WASHINGTON — The percentage of students at public high schools who graduate on time has reached its highest level in nearly 40 years, according to the most recent federal government estimates released Tuesday.
Based on data collected from the states for the Class of 2010, the National Center for Education Statistics estimated that 78 percent of students earned a diploma within four years of starting high school. The graduation rate was last at that level in 1974, officials said.
High school graduation rates are one measure of school success, and educators and policymakers have been trying for decades to stem the number of US students who drop out of high school.
Notable in 2010 was the rise in the percentage of Hispanic students who graduate on time, with a 10-point jump over the past five years, to 71.4 percent. Hispanics are the nation’s largest minority group, making up more than 50 million people, or about 16.5 percent of the US population, according to the Pew Hispanic Center. One in four pupils at public elementary schools is Hispanic. Graduation rates improved for every race and ethnicity in 2010, but gaps among racial groups persist. Asian students had the highest graduation rate, with 93 percent of students finishing high school on time. White students followed with an 83 percent graduation rate, American Indians and Alaska Natives with 69.1 percent, and African-Americans with 66.1 percent.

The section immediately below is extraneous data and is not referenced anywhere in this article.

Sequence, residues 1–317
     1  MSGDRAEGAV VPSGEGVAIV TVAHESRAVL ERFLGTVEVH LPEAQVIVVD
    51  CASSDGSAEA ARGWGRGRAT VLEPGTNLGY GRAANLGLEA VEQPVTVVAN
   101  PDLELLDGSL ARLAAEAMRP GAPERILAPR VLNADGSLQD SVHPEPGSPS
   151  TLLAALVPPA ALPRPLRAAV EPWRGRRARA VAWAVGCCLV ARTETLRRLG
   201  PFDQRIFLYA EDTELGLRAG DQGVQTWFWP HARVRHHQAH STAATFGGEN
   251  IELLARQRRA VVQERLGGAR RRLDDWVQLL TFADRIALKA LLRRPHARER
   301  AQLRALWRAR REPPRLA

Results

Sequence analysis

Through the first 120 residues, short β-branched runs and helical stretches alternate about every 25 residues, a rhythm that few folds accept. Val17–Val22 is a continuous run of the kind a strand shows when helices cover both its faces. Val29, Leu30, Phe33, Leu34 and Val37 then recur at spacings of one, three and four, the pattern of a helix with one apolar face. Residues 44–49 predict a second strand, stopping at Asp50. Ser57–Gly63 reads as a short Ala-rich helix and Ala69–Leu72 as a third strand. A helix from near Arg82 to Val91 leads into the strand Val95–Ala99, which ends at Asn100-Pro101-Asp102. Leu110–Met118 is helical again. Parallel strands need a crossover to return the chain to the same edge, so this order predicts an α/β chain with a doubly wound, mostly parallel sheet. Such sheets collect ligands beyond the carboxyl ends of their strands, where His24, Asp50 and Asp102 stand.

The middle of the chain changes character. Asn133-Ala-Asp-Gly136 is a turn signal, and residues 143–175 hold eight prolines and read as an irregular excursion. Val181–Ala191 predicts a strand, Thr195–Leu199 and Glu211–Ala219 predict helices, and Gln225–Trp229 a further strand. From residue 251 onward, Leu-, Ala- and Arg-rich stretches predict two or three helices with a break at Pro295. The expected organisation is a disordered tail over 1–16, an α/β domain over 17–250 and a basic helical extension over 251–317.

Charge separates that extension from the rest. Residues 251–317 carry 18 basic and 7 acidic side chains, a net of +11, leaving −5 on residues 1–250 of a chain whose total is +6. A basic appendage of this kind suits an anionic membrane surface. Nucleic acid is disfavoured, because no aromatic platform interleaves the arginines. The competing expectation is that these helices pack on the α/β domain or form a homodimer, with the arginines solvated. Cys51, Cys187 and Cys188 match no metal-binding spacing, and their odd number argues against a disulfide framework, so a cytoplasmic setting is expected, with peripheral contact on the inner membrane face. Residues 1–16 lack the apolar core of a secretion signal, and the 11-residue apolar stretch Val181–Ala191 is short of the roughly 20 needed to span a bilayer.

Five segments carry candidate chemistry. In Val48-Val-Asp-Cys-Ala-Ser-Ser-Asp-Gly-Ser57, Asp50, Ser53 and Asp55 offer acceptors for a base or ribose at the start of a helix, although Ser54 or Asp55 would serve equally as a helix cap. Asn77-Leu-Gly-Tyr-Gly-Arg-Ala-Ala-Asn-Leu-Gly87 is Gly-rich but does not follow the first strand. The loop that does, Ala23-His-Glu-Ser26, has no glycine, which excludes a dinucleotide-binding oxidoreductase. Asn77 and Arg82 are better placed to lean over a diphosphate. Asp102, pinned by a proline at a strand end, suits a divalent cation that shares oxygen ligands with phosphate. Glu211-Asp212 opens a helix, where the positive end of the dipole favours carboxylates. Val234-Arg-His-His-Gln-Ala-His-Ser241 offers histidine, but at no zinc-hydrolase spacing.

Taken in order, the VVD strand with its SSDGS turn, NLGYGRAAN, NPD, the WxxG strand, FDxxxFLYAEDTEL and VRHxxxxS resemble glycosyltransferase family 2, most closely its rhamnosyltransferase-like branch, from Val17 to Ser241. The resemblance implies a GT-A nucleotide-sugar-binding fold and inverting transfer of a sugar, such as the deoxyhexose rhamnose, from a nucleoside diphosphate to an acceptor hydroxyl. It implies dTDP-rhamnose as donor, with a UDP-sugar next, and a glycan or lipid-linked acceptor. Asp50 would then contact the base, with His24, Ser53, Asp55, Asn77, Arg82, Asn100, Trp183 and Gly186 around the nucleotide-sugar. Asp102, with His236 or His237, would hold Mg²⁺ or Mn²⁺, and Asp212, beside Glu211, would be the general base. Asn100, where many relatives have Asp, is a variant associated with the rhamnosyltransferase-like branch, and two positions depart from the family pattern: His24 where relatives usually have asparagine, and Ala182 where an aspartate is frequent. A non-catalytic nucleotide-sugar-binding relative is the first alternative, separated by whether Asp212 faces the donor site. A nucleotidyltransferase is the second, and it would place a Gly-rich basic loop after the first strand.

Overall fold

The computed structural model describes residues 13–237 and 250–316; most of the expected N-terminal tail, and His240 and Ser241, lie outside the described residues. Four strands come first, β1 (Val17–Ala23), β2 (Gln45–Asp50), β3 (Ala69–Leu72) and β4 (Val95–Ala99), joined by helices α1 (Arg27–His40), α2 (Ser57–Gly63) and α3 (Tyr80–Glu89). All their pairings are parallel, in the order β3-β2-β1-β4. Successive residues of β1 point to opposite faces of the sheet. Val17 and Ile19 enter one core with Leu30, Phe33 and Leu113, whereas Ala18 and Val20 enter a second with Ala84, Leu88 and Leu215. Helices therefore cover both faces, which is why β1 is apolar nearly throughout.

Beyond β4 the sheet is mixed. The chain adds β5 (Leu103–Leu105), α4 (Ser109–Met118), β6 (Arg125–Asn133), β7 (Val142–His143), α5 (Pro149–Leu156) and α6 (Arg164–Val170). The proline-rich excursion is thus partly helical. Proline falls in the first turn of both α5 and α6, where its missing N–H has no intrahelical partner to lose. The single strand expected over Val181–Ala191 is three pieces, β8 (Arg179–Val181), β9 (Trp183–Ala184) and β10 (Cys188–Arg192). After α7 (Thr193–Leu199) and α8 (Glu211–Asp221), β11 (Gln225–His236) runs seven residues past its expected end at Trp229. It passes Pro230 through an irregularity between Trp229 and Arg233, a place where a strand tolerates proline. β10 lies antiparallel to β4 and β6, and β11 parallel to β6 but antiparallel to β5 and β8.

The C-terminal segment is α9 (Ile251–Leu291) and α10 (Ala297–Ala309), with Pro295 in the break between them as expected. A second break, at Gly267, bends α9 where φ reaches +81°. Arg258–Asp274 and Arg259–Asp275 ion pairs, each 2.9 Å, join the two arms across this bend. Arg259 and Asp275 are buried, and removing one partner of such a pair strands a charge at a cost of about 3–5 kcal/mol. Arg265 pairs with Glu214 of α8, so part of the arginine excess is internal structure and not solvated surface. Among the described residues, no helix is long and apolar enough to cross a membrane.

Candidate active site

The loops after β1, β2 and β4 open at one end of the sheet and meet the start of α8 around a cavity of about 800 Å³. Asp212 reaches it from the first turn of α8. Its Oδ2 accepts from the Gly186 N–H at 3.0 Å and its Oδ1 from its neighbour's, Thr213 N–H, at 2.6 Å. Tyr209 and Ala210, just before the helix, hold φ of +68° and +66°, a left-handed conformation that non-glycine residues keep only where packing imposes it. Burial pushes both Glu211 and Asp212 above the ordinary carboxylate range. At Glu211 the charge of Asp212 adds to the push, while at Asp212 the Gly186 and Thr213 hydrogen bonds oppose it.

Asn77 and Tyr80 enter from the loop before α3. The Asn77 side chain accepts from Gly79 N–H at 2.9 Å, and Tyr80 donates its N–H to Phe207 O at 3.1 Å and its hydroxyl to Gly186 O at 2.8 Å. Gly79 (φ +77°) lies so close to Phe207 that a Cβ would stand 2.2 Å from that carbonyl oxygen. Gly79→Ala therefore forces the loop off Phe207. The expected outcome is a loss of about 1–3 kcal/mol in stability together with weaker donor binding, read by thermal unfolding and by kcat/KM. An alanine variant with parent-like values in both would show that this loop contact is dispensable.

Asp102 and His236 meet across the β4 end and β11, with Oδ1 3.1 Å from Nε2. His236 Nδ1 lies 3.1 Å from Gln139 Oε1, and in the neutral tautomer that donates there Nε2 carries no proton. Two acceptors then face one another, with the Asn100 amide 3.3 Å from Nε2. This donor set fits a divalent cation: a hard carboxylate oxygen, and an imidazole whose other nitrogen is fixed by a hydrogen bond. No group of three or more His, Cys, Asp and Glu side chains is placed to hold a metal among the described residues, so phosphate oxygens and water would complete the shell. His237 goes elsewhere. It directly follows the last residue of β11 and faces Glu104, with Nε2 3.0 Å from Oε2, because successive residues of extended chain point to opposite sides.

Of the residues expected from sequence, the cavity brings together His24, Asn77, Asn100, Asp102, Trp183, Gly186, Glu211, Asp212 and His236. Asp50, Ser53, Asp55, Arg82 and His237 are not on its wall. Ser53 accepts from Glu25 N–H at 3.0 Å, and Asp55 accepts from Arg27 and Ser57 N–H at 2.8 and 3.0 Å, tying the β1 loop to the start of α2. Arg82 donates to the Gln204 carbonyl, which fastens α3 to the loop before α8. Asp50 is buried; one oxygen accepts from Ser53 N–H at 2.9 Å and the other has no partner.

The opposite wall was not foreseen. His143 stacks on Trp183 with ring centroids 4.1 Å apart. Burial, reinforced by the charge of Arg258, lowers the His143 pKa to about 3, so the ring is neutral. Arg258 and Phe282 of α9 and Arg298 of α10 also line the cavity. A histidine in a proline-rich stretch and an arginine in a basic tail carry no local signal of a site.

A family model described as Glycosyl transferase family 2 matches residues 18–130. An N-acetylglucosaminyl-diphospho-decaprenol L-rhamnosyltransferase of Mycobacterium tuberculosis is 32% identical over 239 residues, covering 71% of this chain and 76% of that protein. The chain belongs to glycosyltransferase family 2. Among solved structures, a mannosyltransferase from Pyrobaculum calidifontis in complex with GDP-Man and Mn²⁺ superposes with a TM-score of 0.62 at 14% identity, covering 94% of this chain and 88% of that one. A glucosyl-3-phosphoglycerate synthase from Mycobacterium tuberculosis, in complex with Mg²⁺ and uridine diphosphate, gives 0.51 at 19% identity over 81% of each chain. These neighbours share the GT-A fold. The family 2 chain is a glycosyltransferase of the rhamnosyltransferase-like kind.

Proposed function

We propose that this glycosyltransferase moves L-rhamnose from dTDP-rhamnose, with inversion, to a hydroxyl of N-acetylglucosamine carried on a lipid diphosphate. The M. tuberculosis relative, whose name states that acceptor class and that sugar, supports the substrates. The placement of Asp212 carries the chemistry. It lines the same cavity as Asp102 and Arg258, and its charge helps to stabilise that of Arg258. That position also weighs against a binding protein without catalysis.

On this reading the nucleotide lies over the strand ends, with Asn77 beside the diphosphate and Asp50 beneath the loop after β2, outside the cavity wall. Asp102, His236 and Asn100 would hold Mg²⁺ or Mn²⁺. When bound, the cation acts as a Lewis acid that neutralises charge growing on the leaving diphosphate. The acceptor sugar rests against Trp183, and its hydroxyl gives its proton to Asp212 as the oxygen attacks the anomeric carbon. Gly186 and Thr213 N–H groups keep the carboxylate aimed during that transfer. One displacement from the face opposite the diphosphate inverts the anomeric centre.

High school graduation rates have a significant effect on the economy, according to a study last year by America’s Promise Alliance, a foundation created by Colin Powell. On average, high school graduates earn $130,000 more over their lifetimes than peers who drop out of school, the study said.